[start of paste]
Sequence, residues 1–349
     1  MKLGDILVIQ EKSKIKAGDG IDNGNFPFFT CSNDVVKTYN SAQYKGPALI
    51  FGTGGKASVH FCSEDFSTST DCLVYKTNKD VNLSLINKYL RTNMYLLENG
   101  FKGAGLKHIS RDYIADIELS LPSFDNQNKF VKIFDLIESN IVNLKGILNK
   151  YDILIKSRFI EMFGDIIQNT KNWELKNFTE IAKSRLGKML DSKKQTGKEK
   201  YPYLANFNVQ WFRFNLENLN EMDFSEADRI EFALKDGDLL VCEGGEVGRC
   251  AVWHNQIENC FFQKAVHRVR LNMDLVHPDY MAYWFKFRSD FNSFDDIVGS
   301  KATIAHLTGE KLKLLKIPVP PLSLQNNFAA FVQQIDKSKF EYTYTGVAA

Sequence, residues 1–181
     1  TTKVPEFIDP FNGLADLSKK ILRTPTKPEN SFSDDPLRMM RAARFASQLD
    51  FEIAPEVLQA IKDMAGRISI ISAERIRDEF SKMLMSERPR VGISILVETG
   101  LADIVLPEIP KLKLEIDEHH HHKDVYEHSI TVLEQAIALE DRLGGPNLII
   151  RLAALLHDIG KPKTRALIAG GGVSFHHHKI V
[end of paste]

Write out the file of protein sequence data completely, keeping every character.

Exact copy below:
Sequence, residues 1–349
     1  MKLGDILVIQ EKSKIKAGDG IDNGNFPFFT CSNDVVKTYN SAQYKGPALI
    51  FGTGGKASVH FCSEDFSTST DCLVYKTNKD VNLSLINKYL RTNMYLLENG
   101  FKGAGLKHIS RDYIADIELS LPSFDNQNKF VKIFDLIESN IVNLKGILNK
   151  YDILIKSRFI EMFGDIIQNT KNWELKNFTE IAKSRLGKML DSKKQTGKEK
   201  YPYLANFNVQ WFRFNLENLN EMDFSEADRI EFALKDGDLL VCEGGEVGRC
   251  AVWHNQIENC FFQKAVHRVR LNMDLVHPDY MAYWFKFRSD FNSFDDIVGS
   301  KATIAHLTGE KLKLLKIPVP PLSLQNNFAA FVQQIDKSKF EYTYTGVAA

Sequence, residues 1–181
     1  TTKVPEFIDP FNGLADLSKK ILRTPTKPEN SFSDDPLRMM RAARFASQLD
    51  FEIAPEVLQA IKDMAGRISI ISAERIRDEF SKMLMSERPR VGISILVETG
   101  LADIVLPEIP KLKLEIDEHH HHKDVYEHSI TVLEQAIALE DRLGGPNLII
   151  RLAALLHDIG KPKTRALIAG GGVSFHHHKI V